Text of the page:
URBANA — Thousands of Carle and Christie Clinic patients covered by traditional Medicare Parts A and B will be receiving some new wellness services, courtesy of a new Accountable Care Organization.
The added services will be focused on keeping Medicare beneficiaries who aren’t in benefit-richer Medicare Advantage plans healthier without extra cost to them, according to Carle and Christie Clinic.
Accountable Care Organizations aren’t health insurance of any kind. They’re formed under strict Medicare guidelines by groups of doctors, hospitals and other care providers who work together to improve the quality of care patients receive and cut costs.
Medicare, in turn, rewards ACO-participating health systems with financial incentives when they meet certain benchmarks to keep their patients healthier.
One hallmark of an ACO is working to better coordinate patients’ care.
When that coordination is missing, patients can wind up with unnecessary medical appointments and repeat tests that waste time and add costs, according to the Centers for Medicare andMedicaid Services.
The new ACO that Carle and Christie Clinic are involved in is a consortium of seven health systems through Champaign-based Stratum Med, an alliance of physician-led organizations of which Carle is a founding member and shareholder. The other five members of this ACO are health systems outside Illinois.
Stratum Med is working with Missouri-based management company Caravan Health, which builds ACOs and strives to help them succeed.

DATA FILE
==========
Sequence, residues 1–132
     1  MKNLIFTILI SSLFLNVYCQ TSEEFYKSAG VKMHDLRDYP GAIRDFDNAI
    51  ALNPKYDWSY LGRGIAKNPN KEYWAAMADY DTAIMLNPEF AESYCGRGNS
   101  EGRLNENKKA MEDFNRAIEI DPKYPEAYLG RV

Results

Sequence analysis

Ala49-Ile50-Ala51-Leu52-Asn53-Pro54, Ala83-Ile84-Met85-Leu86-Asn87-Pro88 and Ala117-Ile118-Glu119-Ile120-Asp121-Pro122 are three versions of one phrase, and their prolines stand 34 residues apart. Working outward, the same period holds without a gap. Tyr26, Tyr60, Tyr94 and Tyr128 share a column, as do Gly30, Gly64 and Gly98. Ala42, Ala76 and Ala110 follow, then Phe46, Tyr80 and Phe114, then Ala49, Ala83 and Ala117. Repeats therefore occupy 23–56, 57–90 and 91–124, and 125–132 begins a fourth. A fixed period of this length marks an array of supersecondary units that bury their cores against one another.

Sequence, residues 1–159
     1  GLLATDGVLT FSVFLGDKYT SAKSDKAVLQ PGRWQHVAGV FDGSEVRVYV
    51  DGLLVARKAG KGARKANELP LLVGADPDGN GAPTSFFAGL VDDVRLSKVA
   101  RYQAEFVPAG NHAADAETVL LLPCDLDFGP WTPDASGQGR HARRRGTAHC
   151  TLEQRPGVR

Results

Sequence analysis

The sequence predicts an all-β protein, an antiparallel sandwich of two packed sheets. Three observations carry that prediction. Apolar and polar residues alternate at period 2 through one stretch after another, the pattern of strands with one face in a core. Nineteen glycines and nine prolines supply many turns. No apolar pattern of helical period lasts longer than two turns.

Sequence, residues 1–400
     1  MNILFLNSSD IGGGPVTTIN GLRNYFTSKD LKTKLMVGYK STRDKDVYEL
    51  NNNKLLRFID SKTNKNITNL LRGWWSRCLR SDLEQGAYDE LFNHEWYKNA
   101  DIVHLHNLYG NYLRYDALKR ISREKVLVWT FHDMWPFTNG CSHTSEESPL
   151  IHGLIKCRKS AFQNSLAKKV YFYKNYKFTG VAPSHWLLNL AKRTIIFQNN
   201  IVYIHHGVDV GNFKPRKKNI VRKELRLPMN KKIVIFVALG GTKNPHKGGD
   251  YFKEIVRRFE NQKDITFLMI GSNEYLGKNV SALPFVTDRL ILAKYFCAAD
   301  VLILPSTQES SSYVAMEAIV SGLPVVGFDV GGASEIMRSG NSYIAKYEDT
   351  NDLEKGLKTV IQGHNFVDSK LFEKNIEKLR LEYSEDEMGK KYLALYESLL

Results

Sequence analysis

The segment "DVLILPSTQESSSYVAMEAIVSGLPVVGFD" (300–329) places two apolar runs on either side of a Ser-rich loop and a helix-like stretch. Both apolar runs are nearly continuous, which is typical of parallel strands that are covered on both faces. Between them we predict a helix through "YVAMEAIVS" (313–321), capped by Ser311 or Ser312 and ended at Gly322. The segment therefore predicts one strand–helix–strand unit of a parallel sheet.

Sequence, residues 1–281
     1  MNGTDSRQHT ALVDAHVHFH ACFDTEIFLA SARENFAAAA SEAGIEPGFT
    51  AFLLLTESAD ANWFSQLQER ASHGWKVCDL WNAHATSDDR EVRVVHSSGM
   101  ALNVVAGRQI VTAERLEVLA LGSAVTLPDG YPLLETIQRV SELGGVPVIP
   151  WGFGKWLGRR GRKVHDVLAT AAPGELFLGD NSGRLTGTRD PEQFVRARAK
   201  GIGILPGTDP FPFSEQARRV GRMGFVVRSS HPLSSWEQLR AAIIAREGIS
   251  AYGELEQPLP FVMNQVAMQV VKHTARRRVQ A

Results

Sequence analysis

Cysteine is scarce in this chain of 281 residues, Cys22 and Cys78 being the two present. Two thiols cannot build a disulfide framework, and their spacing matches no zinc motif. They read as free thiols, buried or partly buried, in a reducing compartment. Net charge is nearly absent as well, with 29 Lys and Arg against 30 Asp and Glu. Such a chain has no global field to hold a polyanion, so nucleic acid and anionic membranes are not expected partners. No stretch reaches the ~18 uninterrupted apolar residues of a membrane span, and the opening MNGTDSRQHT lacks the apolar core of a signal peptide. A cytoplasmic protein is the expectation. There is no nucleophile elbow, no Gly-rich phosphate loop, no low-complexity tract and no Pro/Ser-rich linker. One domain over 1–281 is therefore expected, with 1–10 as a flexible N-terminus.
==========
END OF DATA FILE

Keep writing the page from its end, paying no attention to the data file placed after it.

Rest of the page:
Medicare patients who are covered under traditional Medicare Parts A and B far outnumber those covered under Medicare Advantage plans, both nationally and in Illinois.
Yet those patients on traditional Medicare aren’t getting the kind of wellness benefits often provided under Medicare Advantage plans, according to April Vogelsang, a senior vice president with Carle Foundation Hospital and Health Alliance Medical Plans.
Health Alliance and Carle have decades of experience with Medicare Advantage plans, and they believe they can use that experience through this new ACO to help improve patient health outcomes and experiences and reduce costs, she said.
For example, Medicare patients newly assigned to the ACO may be getting calls in advance of their medical visits asking them to participate in an assessment of their health, according to Vogelsang. Then, when they arrive for visits, they’ll first see a nurse, who will complete those assessments and determine what kinds of preventive services are needed to optimize their health and brief the doctors or advanced practice providers the patients will be seeing, she said.
One such service may be a consultation with a dietician for Medicare patients who need to make changes in their diets to become or stay healthy, Vogelsang said.
While this is Carle’s first venture into an ACO, both Christie Clinic and OSF HealthCare have been involved in ACOs of their own for several years.
Prior to joining into the collaborative ACO, Christie started an individual ACO for Medicare patients in 2013 because the clinic could see some advantages for its patients, according to Joan Shurbet, Christie Clinic’s director of compliance.
OSF HealthCare started a Medicare ACO of its own in a 2012 Medicare demonstration program, according to Josh Sarver, director of accountable care services for the Peoria-based system.
“These were implemented to achieve higher quality of care, improving care coordination among clinicians and facilities and improving patient experience,” he said. “When you put those together, you follow an ACO philosophy.”
That tends to benefit patients systemwide, Sarver said.
“We’ve taken the concepts of what it means to be an ACO, and we’ve applied that to all of our systems, so the patients benefit when they come to our doors,” he said.